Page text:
Student song sheet.

Miss Matty is remembered as being conservative and strict, but also serene and motherly, with a passion to carry on her father’s dream.  Despite her strictness, she was beloved by the students and fondly remembered by hundreds of alumnae.  Beginning in 1930, she was sung to on her birthday each year (a tradition which continues today).  Hymns, songs, and poems were written in tribute to her, and the preparatory students literary society was named after her (The Matty L. Cocke Literary Society).  Numerous letters congratulating her on her 25th anniversary as president, as well as those of condolence upon the death of her mother, exist in the university archives, testifying to the alumnae affection for her.

Letter congratulating Miss Matty on her 25th anniversary as president.

Upon her retirement, she lived in a house on campus, built especially for her.  Upon Miss Matty’s death in 1938, the entire Hollins community mourned her passing.  Local and state newspapers were filled with articles about her, giving testimony to her many contributions to Hollins.  Miss Matty’s obituary even appeared in The New York Times.  Susanna Pleasants Turner, Class of 1935 and great niece of Miss Matty, gave a fitting tribute in the Hollins Alumnae Quarterly (Fall 1938): “So closely was she identified with the school that as the years went by she was to become for Hollins girls all over the country, the living symbol of their Alma Mater and the personal actuality of their ideas for educated womanhood.”

Happy Birthday, Miss Matty!

To learn more about Miss Matty, Hollins history, and Special Collections at the Wyndham Robertson Library, please visit “Special Collections” in the Hollins Digital Commons.

Additional images: All images are from the Martha L. Cocke Papers, University Archives, Wyndham Robertson Library, Hollins University, Roanoke, Virginia

Letter of condolence from Mrs. John C. Burnett.

Letter of condolence from Mrs. John C. Burnett.


Virginia Archives Month – call for images

Each year, the Virginia Archives Month committee asks archival institutions around the state to contribute images for a poster to celebrate Archives Month in October. Below is the call for images.

2014 Virginia Archives Month poster

2014 Virginia Archives Month poster

Archival Treasures — Find Your Hidden Gem

Who can resist the idea of a treasure hunt? The anticipation of finding something rare and valuable can make a person giddy with excitement. As archivists, when we take our first peek at a new collection we become just as excited as a treasure hunter at the prospect of what we might discover. This year for Virginia Archives Month let’s share some of the exciting and unusual items from our collections. Every archives has a document or image that is unique, rare, or captures the imagination. It doesn’t have to be the thing or things for which your institution is best known. You may choose something that you find unique and interesting which is not often highlighted.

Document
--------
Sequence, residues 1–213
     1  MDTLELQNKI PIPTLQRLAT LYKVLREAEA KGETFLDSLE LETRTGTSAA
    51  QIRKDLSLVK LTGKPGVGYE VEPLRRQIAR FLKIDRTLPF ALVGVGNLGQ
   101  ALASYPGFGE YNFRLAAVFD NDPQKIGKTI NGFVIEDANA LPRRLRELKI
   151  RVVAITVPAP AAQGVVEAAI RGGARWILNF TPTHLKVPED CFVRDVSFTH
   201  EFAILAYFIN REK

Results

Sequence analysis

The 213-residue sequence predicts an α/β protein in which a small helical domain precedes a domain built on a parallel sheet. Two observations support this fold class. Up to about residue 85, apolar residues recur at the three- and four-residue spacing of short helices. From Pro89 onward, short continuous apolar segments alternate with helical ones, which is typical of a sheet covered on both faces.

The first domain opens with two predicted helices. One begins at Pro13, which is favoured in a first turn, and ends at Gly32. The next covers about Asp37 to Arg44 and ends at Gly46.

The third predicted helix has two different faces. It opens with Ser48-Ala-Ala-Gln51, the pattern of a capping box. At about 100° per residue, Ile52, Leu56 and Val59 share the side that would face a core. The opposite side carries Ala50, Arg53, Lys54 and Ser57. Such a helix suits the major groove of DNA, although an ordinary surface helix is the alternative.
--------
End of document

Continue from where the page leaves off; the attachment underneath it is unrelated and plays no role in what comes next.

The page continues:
With this theme we want to capture a bit of the thrill and wonder that comes from finding something you never expected, or perhaps from finding exactly what you wanted! Hopefully we can inspire our patrons to come find their own gem waiting in the archives.

Submit images to:
Deadline: 5:00 pm, July 31
Image specifications: 300 pixel per inch (ppi) at 100%

All submissions will be added to the Virginia Archives Month Flickr account unless you ask us not to share it. You may submit more than one image. If multiple images from one institution are submitted, the committee will select which one will appear on the poster.

If you have any questions please contact Margaret Kidd (

Your 2015 Virginia Archives Month Committee,

Margaret Kidd, Virginia Caucus Representative
Sherri Bagley
Elizabeth E. Beckman
Vince Brooks
Dan Cavanaugh
Carl Childs
Suzanne Gould
Cara Griggs
Jessica E.Johnson
Marianne Martin
Jennifer McDaid
Paige Newman
Laura Stoner
Robert Vejnar

New Online Resource: Court of Appeals of Virginia Judges, 1985-present

This year marks the 30th Anniversary of the Court of Appeals of Virginia, and in celebration of that milestone, we are very pleased to announce the availability of a new resource on the Virginia Judiciary web site, Court of Appeal of Virginia Judges, 1985-present.  This online biographical directory can be accessed on the Internet ( or within three different sections of the judicial branch web site at:

The online biographical directory features biographical information about each of the judges who have served on the Court of Appeals of Virginia since it began operation on January 1, 1985. The site also features portraits of judges who began their service before April 2006, audio recordings and transcripts of oral history interviews of eight judges who have served on the court, and a group interview of  five judges who sat on the inaugural Court of Appeals of Virginia in 1985 . (Photographs of more recent judges are forthcoming!)  Our goal is to make this information available to the public, with the directory serving as an accurate scholarly resource for students, educators, historians and others interested in the history of this court.